WKRRev. John Rutherford settled in Down County, Ireland, and continued his ministry which he had begun in Scotland. He married a grandaughter of the Rev. Joseph Alleine, author of The Alarm of (sic) the Unconverted. [214] This statement is consistent with 1) the idea that he received land for participation in the Battle of the Boyne in 1690, 2) that previously he lived in Scotland, and 3) that daughter Katherine wed John Walker in Ireland rather than in Wigton. With regard to that latter point explanations that reconcile these conflicting views can be created, but require more information than is available to be accepted.

One of the primary issues surrounding this problem is that no one has offered anything in the way of primary source material related to the family history of John Rutherford (?-?) and Isabella Alleine (?-?). Different authors offer up different bits of information about their history, but none explain where that information comes from. As a result it is not possible to judge the merits of different ideas concerning the family history, and beyond that, it is not possible to confirm may features of the family history.

If one accepts the idea that John Rutherford (?-?) was the son of James Rutherford (c1605-c1668) aka "residenter of Utrecht" the presumption is that he was born in the Netherlands, probably by the early 1660's, though most likely considerably before this date. However, White, 1902 tells us that he "lived on the River Tweed in Scotland. To accept that one has to assume that he returned to Scotland, perhaps after his father's death c1668.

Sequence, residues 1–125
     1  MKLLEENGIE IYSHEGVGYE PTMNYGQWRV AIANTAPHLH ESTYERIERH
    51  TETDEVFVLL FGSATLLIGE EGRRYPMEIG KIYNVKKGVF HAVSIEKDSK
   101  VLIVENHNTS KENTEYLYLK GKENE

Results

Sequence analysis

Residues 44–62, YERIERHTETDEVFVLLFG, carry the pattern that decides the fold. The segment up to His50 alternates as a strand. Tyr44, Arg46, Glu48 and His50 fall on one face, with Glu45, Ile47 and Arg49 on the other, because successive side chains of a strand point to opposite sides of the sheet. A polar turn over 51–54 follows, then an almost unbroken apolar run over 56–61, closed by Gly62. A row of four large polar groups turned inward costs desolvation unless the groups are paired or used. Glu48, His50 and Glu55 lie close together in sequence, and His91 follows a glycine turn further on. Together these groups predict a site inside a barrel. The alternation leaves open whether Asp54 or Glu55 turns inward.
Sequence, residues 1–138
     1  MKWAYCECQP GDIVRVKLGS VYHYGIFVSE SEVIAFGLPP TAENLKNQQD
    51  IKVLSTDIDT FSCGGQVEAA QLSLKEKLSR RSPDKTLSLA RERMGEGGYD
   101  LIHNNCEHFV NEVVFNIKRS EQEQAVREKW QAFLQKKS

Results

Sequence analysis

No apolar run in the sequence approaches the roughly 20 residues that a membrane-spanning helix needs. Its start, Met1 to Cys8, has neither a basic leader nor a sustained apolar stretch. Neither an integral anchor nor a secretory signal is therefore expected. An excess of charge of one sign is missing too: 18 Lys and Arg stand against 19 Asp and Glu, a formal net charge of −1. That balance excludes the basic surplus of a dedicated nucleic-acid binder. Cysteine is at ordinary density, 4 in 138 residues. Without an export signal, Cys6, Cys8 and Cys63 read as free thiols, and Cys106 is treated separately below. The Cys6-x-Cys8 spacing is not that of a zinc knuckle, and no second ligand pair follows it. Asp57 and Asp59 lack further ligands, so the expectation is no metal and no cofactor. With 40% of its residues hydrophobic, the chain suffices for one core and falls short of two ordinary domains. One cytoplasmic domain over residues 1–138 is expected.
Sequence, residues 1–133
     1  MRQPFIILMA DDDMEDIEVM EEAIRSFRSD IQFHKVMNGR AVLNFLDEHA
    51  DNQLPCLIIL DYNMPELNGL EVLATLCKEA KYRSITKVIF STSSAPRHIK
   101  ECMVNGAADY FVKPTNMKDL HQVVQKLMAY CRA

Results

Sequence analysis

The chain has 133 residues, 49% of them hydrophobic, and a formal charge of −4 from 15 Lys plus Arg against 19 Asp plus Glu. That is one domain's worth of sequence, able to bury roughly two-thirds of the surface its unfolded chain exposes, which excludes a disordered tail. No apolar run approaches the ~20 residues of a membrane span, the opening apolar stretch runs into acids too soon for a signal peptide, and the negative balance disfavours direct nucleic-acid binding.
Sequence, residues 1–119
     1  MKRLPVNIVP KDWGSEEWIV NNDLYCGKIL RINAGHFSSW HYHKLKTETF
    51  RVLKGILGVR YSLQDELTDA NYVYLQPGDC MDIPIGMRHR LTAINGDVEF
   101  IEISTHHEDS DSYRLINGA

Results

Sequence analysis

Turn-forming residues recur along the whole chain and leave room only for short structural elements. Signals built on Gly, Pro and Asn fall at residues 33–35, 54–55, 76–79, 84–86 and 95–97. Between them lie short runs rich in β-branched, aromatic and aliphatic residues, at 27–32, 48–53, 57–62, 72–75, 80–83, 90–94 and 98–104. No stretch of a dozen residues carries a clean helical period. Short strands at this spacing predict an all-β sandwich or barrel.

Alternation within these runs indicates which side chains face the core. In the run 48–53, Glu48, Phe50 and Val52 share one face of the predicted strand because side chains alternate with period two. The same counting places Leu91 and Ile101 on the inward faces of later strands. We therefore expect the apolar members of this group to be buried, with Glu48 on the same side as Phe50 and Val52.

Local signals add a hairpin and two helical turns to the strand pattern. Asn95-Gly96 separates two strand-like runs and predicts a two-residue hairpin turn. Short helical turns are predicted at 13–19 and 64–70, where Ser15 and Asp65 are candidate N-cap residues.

The question arises as to how John might have met Isabella Alleine. Assuming she was kin to Rev. Joseph Alleine, we might assume she was living in southern England at the time. The problem then becomes one of finding evidence that John Rutherford was ever in southrn England.

If we assume she was a Puritan, as implied by her connecton to the Rev. joseph Alleine, then its possible that her parents, fled England for the Netherlands to escape religious oppression. This could have led her to a circumstance where it would have been possible for her to have met and married John Rutherford, assuming he was in the netheroands with his father. It is also possible that for some reason John had returned to England prior to his marriage to Isabella, and was in the southern portions of England where the couple met and married. Many other scenario's could be developed to explain their marriage, but the truth is we have absolute no evidence that speaks to the matter, and there are many unasnswered questions:

We do not know where they married,
we do not know when they married,
we do not know when/if they returned to Scotland,
we do not know why a girl of staunch Puritan stock might come to marry a boy of staunch Presbyterian stock
we do not know if they settled in Ireland prior to the Battle of the Boyne, after the Battle of the Boyne, or if they settled in Ireland at all

Absent any direct evidence that speaks to these questions, almost anything is possible. It is also a distinct possibility that there is no connection whatsoever between John Rutherford and James the residenter of Utrecht, or between Isabella Alleine and the Rev. Joseph Rutherford. Given the lack of direct primary evidence on these matters in the works of many different authors, both antique and modern, one is tempted to think that this is simply a story. Refuting that view is not helped by the refusal of some recent researchers who have insisted these connections are true, to provide substantiating evidence. That refusal may be based on a simple unwillingness to reveal their information, but it is also possible that despite their insistence that the connections are real, they have no evidence to support their views.


The River Tweed